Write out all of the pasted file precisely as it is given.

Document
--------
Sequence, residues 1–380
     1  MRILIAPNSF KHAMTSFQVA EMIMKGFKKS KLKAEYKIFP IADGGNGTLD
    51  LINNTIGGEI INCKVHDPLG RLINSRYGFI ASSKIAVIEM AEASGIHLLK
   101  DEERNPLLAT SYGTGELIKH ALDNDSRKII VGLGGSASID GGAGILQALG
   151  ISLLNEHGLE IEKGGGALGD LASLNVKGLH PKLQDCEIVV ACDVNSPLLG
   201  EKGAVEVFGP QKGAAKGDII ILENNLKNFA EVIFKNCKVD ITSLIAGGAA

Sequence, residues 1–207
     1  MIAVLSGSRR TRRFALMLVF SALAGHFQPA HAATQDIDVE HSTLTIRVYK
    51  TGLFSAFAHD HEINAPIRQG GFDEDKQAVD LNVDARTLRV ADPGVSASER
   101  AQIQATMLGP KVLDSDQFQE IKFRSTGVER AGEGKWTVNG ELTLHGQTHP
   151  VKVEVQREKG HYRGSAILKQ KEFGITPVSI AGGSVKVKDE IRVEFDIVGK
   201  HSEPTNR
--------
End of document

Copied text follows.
Sequence, residues 1–380
     1  MRILIAPNSF KHAMTSFQVA EMIMKGFKKS KLKAEYKIFP IADGGNGTLD
    51  LINNTIGGEI INCKVHDPLG RLINSRYGFI ASSKIAVIEM AEASGIHLLK
   101  DEERNPLLAT SYGTGELIKH ALDNDSRKII VGLGGSASID GGAGILQALG
   151  ISLLNEHGLE IEKGGGALGD LASLNVKGLH PKLQDCEIVV ACDVNSPLLG
   201  EKGAVEVFGP QKGAAKGDII ILENNLKNFA EVIFKNCKVD ITSLIAGGAA

Sequence, residues 1–207
     1  MIAVLSGSRR TRRFALMLVF SALAGHFQPA HAATQDIDVE HSTLTIRVYK
    51  TGLFSAFAHD HEINAPIRQG GFDEDKQAVD LNVDARTLRV ADPGVSASER
   101  AQIQATMLGP KVLDSDQFQE IKFRSTGVER AGEGKWTVNG ELTLHGQTHP
   151  VKVEVQREKG HYRGSAILKQ KEFGITPVSI AGGSVKVKDE IRVEFDIVGK
   201  HSEPTNR